Shortage of Officers Plagues Shipping

Dearth of experienced mariners may spell future disasters
By Ryan Riley,  Newser User
Posted Nov 16, 2007 11:12 PM CST
A long gash stretches along the Cosco Busan's hull as it anchors in the San Francisco Bay, Calif., on Wednesday, Nov. 14, 2007. The vessel struck the Bay Bridge last week spilling oil into the bay. (AP...   (Associated Press)
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(Newser) – A blunder that dumped 58,000 gallons of oil into San Francisco Bay last week has drawn attention to a worldwide shortage of experienced mariners—and the resulting potential for future disasters. The number of ships is increasing as global trade booms, reports the Christian Science Monitor, but the current officer shortfall stands at 10,000 and is predicted to triple by 2015.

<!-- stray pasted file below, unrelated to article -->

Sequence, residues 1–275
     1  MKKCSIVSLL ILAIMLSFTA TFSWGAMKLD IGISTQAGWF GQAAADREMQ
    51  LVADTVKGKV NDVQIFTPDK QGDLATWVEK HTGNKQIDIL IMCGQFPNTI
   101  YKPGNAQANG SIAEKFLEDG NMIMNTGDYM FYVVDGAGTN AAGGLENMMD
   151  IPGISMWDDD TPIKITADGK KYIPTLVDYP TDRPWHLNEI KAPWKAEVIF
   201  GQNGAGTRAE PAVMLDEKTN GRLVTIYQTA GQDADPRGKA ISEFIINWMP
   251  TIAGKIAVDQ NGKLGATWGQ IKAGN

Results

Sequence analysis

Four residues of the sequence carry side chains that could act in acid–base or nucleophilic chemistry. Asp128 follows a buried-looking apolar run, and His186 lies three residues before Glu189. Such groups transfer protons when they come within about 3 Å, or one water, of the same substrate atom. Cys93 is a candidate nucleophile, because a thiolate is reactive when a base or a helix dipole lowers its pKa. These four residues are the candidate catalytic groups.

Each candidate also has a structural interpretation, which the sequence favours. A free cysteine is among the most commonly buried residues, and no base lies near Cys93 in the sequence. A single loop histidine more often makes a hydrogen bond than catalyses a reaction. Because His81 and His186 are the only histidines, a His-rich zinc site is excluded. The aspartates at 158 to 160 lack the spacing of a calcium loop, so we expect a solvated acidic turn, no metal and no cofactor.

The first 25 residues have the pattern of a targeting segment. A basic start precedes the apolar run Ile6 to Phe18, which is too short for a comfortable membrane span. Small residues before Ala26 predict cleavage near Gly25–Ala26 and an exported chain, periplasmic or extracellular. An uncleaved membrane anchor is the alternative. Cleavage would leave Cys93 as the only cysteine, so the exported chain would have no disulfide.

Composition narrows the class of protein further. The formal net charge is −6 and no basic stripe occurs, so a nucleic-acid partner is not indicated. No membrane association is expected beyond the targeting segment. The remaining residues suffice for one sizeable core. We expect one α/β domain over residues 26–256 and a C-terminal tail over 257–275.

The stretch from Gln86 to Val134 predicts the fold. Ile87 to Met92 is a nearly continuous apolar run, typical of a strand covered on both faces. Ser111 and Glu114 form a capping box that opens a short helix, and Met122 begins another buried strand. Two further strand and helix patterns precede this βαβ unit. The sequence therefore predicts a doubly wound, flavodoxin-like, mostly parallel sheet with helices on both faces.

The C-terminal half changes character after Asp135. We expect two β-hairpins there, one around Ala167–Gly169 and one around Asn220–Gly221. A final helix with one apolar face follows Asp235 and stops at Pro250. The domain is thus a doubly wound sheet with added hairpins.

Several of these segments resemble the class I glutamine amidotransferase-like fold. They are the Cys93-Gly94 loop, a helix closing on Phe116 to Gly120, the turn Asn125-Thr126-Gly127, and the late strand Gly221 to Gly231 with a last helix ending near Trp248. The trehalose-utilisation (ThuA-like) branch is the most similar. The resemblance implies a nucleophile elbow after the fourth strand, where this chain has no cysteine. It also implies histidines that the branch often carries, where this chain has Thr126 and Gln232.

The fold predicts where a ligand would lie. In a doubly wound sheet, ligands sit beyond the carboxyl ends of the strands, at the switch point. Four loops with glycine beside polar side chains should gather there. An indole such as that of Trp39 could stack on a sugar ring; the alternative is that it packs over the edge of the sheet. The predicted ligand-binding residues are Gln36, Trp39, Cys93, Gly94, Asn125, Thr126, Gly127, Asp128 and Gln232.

Fewer Westerners are choosing the seafaring life, despite financial incentives—pilots can earn $450,000 a year—and it's almost impossible to "come up the hawsepipe" to officer rank without a college degree. The bump in Asians taking to the high seas isn't enough to replace retirees. And forget the glamor of traveling to exotic locales; container shipping has sliced port calls from days to mere hours.